Pirates were early and ardent fans of the northwest coast of Florida whose shallow bays made convenient staging areas for raids on Spanish ships and hideouts for counting and burying treasure. The Great Northwest, as the area is now known, was for generations the Forgotten Coast, occasionally “discovered” by military men whether during Andrew Jackson’s campaigns, the Civil War blockades, or the World War II training bases established in the area. More recently, the area’s beautiful beaches and low population density have led to the development of weekend and retirement beach home communities. Between the rogue seafarers and the more refined coastal dwellers were the Florida crackers.
In retrospect, “back then” causes were nobler, women were stronger, and men more dedicated. Today, by contrast, tens of thousands of advertising messages are a daily reminder that our modern conveniences, products, and services are bought with the loss of simplicity and sincerity. This notion at least begins to explain the phenomenal sales of Fiesta ware dishes and everything in Restoration Hardware stores.
Tallahassee artist Mary Adore Coloney (pronounced: colony) taps into that same longing we call nostalgia in her award-winning style of painting she calls “prismatic realism.” Her subjects are culled from Florida’s rural and coastal roots; rustic, rugged, and strong, they are captured in a single moment, rendered in a bright, duo-chromatic scheme, and accented with native flora and fauna. Although her subject matter is from another time, her handling of the material, the colors she chooses, and the touch of fantasy she invokes convey a sense of rebirth and hope that makes her work original and fresh.
Mary Adore, as her friends call her, carries that rare appellation of native Floridian, and a fifth generation one on both sides of her family at that. Her mother was an amateur art restorer and first exposed Mary Adore to her craft. One of Mary Adore’s first projects was a 16th century Dutch masterwork on wood panel; right after she started working she realized what it was and wisely stopped. She began her formal studies with a Florida State University fine arts professor when she was only twelve, spending her childhood summers crabbing and fishing on Alligator Point on the Apalachicola Bay; it is easy to imagine her returning to her professor each fall with gulf coast sand still between her toes. After studying in Florence, Italy, and then the Newcomb School of Art at Tulane University, she returned to Tallahassee and has been working there ever since.
Coloney’s paintings are intended to slow the viewer down, to gaze instead of glance; they are an invitation to stay awhile, like a porch swing on a sultry afternoon. The canvases show the real Florida: the birds and mammals, the sky and water, the plants and the people. Although her color choices are generally intuitive, all of her Florida-themed paintings use a yellow-toned background. Coloney begins a work by covering the canvas with a pearlescent underglaze. It gives a subtle shimmer throughout the painting, showing through the thin, successive layers of metallic acrylics that variously appear translucent and opaque, depending on the viewing angle. Contrary to common practice, she starts with the lightest parts of the painting first and subsequently adds layers of the same color to achieve darker tones.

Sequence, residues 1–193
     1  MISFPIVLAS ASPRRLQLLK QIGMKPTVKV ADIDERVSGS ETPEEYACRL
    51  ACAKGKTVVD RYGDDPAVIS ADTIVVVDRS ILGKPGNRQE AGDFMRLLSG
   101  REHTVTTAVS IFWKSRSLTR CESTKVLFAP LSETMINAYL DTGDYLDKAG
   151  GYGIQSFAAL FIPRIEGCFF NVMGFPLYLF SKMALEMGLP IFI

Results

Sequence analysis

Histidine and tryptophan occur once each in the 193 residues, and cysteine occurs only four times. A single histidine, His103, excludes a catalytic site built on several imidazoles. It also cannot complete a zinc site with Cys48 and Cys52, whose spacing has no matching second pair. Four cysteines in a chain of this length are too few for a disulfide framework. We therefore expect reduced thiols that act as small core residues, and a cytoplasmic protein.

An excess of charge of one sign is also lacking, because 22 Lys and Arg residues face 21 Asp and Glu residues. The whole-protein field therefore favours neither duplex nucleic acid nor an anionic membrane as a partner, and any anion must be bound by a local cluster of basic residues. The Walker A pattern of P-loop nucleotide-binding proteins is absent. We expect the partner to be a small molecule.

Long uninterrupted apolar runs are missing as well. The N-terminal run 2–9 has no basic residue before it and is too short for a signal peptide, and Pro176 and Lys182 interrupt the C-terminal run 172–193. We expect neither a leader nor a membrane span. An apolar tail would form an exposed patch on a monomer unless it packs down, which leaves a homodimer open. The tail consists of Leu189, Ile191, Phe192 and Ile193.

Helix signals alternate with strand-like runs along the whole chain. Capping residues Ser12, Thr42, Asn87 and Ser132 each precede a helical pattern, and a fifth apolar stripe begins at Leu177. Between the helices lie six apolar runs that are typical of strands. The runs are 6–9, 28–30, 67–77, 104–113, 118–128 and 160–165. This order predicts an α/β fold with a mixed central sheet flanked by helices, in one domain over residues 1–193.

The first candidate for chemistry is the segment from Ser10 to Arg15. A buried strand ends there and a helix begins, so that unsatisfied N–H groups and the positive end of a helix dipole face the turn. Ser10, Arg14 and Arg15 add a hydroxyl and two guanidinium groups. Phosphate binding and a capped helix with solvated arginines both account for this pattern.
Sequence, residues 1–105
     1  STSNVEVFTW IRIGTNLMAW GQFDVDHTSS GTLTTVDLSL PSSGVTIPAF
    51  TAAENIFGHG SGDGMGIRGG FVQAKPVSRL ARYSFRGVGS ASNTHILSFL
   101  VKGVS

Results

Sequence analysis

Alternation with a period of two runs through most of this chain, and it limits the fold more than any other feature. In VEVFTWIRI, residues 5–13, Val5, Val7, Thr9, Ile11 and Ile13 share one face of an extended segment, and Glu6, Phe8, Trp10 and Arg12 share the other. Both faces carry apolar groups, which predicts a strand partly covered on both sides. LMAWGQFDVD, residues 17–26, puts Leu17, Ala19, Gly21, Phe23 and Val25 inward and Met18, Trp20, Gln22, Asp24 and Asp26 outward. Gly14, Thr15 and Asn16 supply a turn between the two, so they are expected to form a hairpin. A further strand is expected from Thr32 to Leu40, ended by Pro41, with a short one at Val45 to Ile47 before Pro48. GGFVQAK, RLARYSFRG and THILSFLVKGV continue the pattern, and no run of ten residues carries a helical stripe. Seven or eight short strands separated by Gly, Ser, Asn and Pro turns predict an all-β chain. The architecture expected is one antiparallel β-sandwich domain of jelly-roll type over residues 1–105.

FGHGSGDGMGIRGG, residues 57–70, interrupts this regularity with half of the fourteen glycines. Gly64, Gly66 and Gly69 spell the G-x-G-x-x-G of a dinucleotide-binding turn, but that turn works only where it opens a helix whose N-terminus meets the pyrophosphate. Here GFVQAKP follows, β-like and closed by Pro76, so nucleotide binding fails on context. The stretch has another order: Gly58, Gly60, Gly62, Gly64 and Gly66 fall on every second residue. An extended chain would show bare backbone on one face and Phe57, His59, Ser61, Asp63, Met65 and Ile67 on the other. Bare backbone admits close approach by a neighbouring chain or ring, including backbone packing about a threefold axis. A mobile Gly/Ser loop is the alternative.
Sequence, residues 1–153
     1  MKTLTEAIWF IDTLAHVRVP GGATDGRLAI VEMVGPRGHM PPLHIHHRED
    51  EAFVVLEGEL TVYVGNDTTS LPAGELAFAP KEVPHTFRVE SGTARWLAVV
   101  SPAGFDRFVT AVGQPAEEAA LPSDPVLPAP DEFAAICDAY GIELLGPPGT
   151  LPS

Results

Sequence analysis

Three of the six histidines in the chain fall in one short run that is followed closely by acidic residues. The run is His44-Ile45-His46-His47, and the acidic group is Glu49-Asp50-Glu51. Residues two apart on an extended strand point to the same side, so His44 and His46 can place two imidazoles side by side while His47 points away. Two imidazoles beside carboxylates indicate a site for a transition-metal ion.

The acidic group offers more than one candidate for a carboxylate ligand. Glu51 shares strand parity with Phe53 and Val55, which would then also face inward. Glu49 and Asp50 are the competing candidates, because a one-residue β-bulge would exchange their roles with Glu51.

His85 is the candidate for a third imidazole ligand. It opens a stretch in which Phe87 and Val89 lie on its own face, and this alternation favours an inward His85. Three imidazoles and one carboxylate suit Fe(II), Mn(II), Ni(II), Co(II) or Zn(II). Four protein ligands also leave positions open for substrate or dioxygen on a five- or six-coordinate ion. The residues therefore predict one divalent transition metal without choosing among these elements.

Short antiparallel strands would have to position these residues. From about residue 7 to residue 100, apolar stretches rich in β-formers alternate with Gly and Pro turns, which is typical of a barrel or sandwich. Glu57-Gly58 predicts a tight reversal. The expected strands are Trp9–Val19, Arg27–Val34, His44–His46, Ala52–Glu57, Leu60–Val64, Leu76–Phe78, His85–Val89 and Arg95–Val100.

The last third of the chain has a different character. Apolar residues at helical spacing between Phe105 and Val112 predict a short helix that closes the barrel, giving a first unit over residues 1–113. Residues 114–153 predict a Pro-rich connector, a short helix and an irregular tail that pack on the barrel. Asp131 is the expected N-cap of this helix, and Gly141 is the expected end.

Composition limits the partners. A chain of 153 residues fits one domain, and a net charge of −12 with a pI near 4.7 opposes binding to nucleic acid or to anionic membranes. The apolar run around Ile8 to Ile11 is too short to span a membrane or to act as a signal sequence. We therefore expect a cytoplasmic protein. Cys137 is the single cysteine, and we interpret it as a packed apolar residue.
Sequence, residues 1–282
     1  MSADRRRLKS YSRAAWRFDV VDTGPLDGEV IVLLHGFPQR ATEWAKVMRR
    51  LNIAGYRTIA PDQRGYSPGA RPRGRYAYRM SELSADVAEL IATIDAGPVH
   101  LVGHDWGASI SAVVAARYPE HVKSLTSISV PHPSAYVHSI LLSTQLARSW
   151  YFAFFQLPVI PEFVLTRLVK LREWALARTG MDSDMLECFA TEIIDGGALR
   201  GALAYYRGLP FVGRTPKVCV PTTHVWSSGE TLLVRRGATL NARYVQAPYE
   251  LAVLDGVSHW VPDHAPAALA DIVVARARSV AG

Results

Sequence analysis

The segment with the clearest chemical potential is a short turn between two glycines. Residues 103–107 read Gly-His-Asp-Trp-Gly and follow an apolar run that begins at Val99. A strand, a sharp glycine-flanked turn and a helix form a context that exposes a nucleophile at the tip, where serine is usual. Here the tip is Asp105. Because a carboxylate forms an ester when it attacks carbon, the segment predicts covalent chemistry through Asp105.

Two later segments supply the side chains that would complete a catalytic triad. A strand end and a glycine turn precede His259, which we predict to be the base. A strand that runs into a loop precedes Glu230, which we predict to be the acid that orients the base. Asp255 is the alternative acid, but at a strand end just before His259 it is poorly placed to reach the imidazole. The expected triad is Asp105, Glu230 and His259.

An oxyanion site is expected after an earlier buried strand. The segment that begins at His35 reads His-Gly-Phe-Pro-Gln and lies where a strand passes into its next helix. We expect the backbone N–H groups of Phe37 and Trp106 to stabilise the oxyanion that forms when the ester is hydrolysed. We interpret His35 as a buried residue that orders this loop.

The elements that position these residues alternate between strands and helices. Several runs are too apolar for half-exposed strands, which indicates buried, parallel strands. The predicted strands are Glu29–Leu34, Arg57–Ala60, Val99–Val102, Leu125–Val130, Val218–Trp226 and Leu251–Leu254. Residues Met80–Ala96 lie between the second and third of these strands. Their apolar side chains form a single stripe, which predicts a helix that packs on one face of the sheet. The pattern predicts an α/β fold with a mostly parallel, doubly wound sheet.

Characteristic of her style is Shrimping off Apalachicola (shown at the top of article) for which the National Oil and Acrylic Painters Society awarded Coloney its “Most Innovative Painting” award during Exhibit 2000. The sky is a cloudless yellow field under which two fishermen strain, muscles taut, to pull in a lucrative catch. The water and the dramatis personae are rendered in shades of turquoise and the texture of the painting is that of an old photograph greatly enlarged. After a few moment’s viewing, the mind reinterprets these contrasting colors, and then the eye accepts them as a new black-and-white only sharper and with more feeling, providing a “sensory uplift” as the artist describes it.
“It’s hard to make a painting about Florida without introducing nature,” she says. “There are fragile parts of it that most newcomers don’t see.” Her paintings include an extrinsic part that is related to, but exists outside of, the main subject, a border on which are painted full-color plants and animals that often extend into the “black-and-white” portion. In Boiling Cane Syrup, a delicately rendered, fully colored owl swoops down through the body of the painting to land on a board with a skull on it, but it could just as well continue to the hieretic line of mice in the border.
Sometimes the relationship between these two parts is not obvious. For example, in Aunt Memory, a limpkin–a native Florida bird that resembles a heron–features prominently; in the border is an apple snail. Few would recognize that the latter is the only thing eaten by the former, a wonderful example of the irony of nature: the predator is entirely dependent upon the continued existence of the prey.
Mary Adore insists she is not an activist. The people and places, even the professions, portrayed in her Prismatic Realism paintings are mostly just memories. Nostalgia is at heart a longing; that yellow is so prominent a color in her work is telling, as it is a staple of age. Think about an old letter plucked from a drawer at Grandma’s house or teeth through which have passed a lifetime of coffee and tobacco. But her yellows are bold and youthful shades, without the rust and mold of pessimism. She is a painter of “complimentary contrasts” and in that is freshness and renewal. It is the optimist who works in the medium of the new black-and-white.
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